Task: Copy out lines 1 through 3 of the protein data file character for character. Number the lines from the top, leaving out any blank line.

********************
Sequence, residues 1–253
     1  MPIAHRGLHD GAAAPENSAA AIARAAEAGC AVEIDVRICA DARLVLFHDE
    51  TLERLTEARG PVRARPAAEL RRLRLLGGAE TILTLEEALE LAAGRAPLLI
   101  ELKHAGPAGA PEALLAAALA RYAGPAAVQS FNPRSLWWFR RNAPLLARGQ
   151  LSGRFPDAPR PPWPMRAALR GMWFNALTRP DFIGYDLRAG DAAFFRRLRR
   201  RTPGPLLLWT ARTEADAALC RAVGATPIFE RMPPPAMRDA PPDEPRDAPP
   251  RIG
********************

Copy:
Sequence, residues 1–253
     1  MPIAHRGLHD GAAAPENSAA AIARAAEAGC AVEIDVRICA DARLVLFHDE
    51  TLERLTEARG PVRARPAAEL RRLRLLGGAE TILTLEEALE LAAGRAPLLI